IrishCentral reports on the latest BBC film shoot to capture the majestic marine mammals in their natural environment, before they move on to West Cork in autumn and further east to Waterford and Wexford as winter progresses – matching the movements of spawning sprat and herring shoals.

The IWDG website has much more on the story HERE.

Published in Marine Wildlife

#MarineWildlife - The video above shows the shocking moment when a small boat of wildlife watchers was suddenly surrounded by six giant humpback whales.

As the Irish Mirror reports, the duo who captured this amazing footage were sailing in a Norwegian fjord when they saw the whales feeding on herring in the distance and decided to move closer for a better look.

But little did they imagine how close they would get!

Thankfully for the pair, their boat was barely rocked on the waves as the marine giants deftly manoeuvred around them.

"I felt very confident afterwards," said Svein Aasjord, one of the two sailors. "Whales have much more control than I had thought."

Although Irish whale watchers might not be treated to such sights in close quarters, the Northwest is currently a treat for anyone who wants to see minke whales in action.

The Irish Whale and Dolphin Group reports on what's become a trend for the species wintering off the Donegal coast between Bun on Inver and Bloody Foreland.

As many as six min whales were spotted in inshore waters within 200 metres the latter location three days ago, due most likely to the bounty of herring in the area.

Published in Marine Wildlife

#MarineWildlife - Ireland is "one of the best locations on the northern hemisphere" to film marine wildlife in action, according to RTÉ News.

The statement comes from the Irish Whale and Dolphin Group's (IWDG) Pádraig Whooley, who recently returned from a trip off Kerry on board the organisation's research vessel Celtic Mist with a camera crew from the BBC's Natural History Unit.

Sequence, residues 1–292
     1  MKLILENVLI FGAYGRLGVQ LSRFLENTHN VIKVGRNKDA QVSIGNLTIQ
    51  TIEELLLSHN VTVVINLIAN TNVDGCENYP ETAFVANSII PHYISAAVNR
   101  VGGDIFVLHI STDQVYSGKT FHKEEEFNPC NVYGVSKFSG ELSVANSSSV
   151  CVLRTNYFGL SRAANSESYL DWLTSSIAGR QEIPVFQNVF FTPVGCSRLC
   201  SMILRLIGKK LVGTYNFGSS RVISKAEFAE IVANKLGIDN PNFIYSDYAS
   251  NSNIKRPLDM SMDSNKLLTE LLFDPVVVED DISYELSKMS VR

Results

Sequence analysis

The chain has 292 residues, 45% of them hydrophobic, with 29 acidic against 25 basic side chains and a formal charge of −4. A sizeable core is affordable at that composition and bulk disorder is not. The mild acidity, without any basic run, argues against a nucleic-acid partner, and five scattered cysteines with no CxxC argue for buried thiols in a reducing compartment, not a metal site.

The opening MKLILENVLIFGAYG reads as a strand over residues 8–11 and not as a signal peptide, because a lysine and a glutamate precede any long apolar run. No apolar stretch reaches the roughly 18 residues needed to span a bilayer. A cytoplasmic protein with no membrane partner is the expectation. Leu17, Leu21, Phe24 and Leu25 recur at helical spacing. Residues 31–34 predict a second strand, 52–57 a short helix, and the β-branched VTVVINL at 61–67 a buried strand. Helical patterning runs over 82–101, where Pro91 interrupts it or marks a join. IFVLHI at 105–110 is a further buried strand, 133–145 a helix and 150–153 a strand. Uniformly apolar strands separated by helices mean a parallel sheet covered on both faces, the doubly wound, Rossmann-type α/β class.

Their mission, in planning for a year, was to film humpback whales – and by their second day on the water, past the Skelligs, they came upon heir first specimen, #HBIRL23, a "big-winged New Englander" who has been spotted around the Blaskets and Skelligs a number of times since May this year.

"Not only did we capture some magical moments with this animal in a stunning location, often breaching and fluking with the Skelligs in the background to our west, but this re-sighting is another important piece of information regarding the movements of humpback whales visiting the Irish Southwest," said Whooley, the IWDG's sightings officer.

What's more, the sighting last week was surely a good omen for yesterday's Whale Watch Ireland event across 20 mainland vantage points around Ireland's coast.

The IWDG website has much more on the story HERE.

Published in Marine Wildlife

#MarineWildlife - Northern Ireland's National Marine Week kicks off today (Saturday 26 July) with a 'rockpool ramble' at Groomsport in Co Down, the first in a series of marine wildlife themed events around the coast till 10 August.